Last week we discussed some common use cases for two advanced chart types: histogram and bullet chart. In this post, we’ll introduce the Gantt chart and heat chart (also called heat map).
Most people think of Gantt charts as tools project managers use to track project tasks and resource dependencies. While this is a useful application, Gantt charts can also be used to compare all types of business activities in relation to time.
When to use:
- Project Schedule. Track deliverables, project schedules, and dependencies.
- Display things that occur over time. Show how your resources (people or things) are being used over time.
Make it shine:
- Add color. Changing the color of the bars, such as giving each staff or task type their own color, quickly informs viewers about key aspects of the variable.
- Combine the Gantt chart with other chart types. You can use dashboard actions to filter down your Gantt chart to discover new insights.
Figure 1: This visualization shows shipment methods and delivery timeframes for publication shipped by a fictional organization. The length of the bar indicates the shipment time. Not surprisingly, regular air shipment takes much longer than other methods for all publication types. Comparing express air to delivery truck method requires some closer analysis by publication and/or order date.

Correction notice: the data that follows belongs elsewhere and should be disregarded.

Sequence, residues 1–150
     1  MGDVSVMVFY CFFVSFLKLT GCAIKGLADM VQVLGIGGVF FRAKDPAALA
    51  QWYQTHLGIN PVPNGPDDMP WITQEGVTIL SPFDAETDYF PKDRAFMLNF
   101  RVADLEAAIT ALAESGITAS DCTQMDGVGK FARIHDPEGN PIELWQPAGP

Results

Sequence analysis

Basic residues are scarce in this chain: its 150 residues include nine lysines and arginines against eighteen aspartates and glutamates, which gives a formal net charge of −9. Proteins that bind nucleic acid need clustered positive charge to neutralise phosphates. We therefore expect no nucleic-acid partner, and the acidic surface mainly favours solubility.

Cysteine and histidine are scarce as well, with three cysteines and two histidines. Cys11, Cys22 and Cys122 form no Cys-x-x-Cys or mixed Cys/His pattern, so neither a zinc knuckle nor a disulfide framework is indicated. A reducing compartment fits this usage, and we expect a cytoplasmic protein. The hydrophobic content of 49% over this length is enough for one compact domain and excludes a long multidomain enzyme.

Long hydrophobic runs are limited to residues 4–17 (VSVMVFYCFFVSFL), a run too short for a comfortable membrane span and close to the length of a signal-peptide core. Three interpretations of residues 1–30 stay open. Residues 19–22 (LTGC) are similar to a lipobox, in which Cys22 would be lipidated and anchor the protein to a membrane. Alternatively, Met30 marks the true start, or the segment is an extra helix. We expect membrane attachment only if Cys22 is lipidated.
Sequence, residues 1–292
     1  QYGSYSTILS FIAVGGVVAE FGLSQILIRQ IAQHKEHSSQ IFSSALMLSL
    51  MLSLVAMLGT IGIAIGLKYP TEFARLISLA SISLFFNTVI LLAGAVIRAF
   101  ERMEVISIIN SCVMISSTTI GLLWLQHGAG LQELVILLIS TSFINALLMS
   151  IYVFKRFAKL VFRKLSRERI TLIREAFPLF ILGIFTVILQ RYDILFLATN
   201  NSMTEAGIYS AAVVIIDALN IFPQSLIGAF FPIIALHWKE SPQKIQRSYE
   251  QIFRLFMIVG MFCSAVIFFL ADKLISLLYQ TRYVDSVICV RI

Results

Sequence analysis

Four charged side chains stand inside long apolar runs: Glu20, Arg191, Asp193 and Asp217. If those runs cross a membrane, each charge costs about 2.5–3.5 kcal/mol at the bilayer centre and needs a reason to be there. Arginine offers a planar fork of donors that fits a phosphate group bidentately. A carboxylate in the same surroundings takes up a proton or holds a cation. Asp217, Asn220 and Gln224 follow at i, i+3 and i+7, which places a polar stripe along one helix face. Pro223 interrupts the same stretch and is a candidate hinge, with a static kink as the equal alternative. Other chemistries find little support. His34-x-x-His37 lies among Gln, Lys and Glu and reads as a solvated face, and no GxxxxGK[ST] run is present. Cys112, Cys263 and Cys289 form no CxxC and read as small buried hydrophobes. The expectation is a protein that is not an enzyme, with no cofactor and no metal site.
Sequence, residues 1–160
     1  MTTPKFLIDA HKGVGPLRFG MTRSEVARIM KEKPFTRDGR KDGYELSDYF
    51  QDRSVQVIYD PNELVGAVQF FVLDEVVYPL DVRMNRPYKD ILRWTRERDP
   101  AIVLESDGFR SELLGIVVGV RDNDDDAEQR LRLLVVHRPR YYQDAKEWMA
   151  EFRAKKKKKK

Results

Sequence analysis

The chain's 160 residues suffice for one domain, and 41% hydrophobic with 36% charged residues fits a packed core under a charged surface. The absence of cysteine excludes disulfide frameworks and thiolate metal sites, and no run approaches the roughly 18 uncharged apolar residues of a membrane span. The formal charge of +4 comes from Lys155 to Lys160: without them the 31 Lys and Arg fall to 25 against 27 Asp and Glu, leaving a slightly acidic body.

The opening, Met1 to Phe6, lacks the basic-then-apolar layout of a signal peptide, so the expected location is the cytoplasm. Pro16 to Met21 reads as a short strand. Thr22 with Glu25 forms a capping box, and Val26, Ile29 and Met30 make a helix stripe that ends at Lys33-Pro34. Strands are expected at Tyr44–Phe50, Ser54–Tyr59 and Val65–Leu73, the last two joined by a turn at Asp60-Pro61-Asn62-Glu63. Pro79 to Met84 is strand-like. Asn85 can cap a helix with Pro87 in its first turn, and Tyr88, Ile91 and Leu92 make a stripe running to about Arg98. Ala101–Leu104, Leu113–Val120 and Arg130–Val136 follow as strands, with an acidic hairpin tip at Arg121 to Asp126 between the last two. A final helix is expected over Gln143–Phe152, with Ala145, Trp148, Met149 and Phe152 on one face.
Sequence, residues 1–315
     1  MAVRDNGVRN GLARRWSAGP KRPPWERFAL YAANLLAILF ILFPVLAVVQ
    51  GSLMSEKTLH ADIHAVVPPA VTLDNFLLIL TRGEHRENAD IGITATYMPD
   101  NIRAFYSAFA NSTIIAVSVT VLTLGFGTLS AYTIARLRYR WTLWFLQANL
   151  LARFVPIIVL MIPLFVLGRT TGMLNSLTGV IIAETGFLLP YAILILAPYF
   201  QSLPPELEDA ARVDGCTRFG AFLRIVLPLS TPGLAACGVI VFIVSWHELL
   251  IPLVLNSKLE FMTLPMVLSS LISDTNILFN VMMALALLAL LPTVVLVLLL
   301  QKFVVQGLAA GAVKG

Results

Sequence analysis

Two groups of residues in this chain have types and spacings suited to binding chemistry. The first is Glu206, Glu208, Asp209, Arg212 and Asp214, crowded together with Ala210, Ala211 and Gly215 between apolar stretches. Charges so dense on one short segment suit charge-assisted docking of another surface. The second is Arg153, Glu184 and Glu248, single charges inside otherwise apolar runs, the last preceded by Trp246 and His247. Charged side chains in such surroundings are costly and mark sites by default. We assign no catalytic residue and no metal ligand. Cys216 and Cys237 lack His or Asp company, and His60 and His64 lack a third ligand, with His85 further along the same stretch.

- Heat Map
Heat maps are a great way to compare data across two categories using color. The effect is to quickly see where the intersection of the related categories is strongest and weakest.
When to use it:
- Heat maps are a great way to show the relationship between two different dimensions, such as membership type and age.
Make it shine:
- Vary the size and color of the squares. Using a measure on the size or color of the squares will add more depth to your visualization.
- Use other shapes. Change things up on your visualization. Sometimes shapes other than squares can be more meaningful to your audience.
Figure 2: On this dashboard we can see the sales and profit of our Member Types by Age. The size of each box represents the totals sales. The color and the intensity represents the profit, with shades of red indicating losses. We can see we have a large amount of sales and profit coming from our 65+ age group. At the same time, we can see that sales to members aged 26-35 are unprofitable across all member types. This is a great starting point for further analysis on the health and performance of membership programs.
In the next installment, we’ll discuss some additional advanced visualizations – the highlight table and tree map.